A great article, Michael. I had an early prototype of R1 on test in early September, and I had serious objections regarding build quality - the one I used was built of cheapest plastics I ever saw on a camera, more-less toy grade. I'm glad they decided not to follow this path with a production camera. What is your impression of the build - is it polycarbonate, or magnesium?
My other impression was very much in line with yours - the ability to use it from waist level, or not to have to wallow in the mud in order to take a macro shot at ground level, is priceless.
By the way, I also noticed its ability to lock focus in almost complete darkness. It took me by surprise as I expected the autofocus to suck compared to an SLR, but it somehow managed to lock focus on whitewater well beyond the sunset, where I needed about half a minute of exposure for the shot. There's no way any SLR could autofocus on this, but this baby seems to amplify the sensor signal to an insane degree, and manages to get enough contrast to lock. However, EVF proved to be less than useful for manual focus.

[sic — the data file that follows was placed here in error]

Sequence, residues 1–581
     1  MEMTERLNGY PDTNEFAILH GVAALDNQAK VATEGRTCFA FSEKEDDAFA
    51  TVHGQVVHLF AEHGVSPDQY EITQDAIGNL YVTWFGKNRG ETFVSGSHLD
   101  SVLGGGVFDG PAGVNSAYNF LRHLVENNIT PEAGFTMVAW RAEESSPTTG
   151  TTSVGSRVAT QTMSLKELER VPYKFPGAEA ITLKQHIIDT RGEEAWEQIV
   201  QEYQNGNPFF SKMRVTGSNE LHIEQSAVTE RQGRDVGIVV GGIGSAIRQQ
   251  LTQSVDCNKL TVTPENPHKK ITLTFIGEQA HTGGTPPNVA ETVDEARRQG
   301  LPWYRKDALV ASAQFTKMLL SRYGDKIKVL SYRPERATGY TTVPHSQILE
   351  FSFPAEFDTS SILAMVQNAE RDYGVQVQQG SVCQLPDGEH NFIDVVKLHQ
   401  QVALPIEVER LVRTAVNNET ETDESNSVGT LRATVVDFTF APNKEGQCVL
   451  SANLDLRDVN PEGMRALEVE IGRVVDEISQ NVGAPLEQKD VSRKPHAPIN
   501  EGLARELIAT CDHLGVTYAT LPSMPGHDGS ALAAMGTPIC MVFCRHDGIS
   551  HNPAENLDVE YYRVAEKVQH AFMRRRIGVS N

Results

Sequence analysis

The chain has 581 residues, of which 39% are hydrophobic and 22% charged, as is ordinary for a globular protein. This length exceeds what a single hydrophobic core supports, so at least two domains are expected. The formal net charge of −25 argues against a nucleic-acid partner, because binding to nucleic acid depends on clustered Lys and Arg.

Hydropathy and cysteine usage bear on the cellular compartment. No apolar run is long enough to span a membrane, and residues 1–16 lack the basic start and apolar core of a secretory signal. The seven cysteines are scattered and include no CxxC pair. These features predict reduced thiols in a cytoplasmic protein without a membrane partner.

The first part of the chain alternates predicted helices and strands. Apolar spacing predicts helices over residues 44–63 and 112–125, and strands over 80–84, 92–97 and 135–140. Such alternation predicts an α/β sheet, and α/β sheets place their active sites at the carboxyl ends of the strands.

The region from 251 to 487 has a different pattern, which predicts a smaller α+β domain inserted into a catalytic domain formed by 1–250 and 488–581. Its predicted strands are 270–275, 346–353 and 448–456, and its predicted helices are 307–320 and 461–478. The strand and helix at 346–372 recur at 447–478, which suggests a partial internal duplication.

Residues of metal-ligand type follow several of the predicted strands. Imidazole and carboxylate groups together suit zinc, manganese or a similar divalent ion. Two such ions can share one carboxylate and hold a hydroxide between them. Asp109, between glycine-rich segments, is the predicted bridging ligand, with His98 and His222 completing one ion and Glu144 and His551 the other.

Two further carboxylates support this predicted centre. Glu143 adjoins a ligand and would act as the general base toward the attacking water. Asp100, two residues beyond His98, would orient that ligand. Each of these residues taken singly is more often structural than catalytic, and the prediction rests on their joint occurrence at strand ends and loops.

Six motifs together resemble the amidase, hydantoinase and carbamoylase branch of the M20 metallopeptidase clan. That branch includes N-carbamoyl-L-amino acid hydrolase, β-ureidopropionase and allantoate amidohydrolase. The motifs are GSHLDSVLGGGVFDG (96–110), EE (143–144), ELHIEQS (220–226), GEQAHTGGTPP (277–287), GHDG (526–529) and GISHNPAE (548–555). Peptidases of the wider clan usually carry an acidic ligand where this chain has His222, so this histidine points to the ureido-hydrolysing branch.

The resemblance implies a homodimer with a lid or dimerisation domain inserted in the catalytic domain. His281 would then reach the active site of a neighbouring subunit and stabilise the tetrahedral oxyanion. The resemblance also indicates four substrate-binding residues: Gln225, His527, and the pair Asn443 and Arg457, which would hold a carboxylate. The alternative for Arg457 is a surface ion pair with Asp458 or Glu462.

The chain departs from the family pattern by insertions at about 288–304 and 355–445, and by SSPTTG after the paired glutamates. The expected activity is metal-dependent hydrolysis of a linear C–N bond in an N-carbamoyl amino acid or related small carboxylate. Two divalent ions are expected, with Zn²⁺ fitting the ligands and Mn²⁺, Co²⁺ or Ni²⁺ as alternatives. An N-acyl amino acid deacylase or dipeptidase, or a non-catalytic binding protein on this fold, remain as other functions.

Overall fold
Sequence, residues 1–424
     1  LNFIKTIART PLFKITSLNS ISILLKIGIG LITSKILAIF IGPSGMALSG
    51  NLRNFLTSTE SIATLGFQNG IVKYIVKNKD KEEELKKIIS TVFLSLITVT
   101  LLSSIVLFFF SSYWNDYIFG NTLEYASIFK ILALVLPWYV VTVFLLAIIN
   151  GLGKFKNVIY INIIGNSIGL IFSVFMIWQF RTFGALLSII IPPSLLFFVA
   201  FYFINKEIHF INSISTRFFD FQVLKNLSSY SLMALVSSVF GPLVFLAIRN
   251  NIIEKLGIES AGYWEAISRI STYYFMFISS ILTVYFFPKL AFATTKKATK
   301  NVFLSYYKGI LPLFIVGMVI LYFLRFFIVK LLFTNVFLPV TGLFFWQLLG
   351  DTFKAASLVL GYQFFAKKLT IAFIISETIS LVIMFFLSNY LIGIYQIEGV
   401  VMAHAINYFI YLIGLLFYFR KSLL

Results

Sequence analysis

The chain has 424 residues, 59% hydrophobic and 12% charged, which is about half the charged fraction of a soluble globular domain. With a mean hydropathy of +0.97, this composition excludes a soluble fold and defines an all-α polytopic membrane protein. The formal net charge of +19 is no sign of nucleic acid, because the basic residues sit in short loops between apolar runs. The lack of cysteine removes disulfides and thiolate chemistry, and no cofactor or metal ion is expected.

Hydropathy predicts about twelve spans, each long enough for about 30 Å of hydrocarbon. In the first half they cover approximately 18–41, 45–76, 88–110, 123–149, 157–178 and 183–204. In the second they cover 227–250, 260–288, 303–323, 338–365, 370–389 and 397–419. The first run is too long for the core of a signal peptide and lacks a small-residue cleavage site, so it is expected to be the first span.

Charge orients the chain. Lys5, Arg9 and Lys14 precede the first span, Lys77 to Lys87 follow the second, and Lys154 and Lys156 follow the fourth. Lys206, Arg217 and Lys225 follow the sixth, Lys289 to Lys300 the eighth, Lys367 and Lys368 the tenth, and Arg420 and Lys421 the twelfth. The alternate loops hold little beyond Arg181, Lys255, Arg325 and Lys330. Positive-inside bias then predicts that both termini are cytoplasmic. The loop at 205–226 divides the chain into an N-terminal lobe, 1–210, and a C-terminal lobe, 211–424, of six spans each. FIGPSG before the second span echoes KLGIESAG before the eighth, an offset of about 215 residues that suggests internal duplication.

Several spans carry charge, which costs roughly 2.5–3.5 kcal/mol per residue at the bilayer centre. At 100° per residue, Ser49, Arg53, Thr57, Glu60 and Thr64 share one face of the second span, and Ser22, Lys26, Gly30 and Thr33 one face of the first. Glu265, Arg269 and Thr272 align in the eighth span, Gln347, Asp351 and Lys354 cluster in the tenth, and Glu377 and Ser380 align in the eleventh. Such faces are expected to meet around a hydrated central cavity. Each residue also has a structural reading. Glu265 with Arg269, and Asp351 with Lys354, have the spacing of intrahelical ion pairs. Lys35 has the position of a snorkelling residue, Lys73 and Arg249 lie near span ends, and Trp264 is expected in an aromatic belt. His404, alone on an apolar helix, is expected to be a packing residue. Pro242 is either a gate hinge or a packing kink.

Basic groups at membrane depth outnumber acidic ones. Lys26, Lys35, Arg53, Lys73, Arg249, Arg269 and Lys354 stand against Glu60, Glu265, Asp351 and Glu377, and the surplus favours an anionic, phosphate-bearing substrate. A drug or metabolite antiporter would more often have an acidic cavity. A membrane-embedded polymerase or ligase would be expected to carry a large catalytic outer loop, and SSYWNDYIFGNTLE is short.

Also, my prototype suffered from veiling/ghosting in contrasty scenes, especially wide open; my Zuiko on E1 mopped the floor with it in those conditions; also, it was not very sharp at near-macro distances. However, in other conditions the lens gave me results of such clarity and detail, that I place it somewhere between 35mm and 645 film. I'd say it's a great landscape camera for those who prefer less weight and more substance.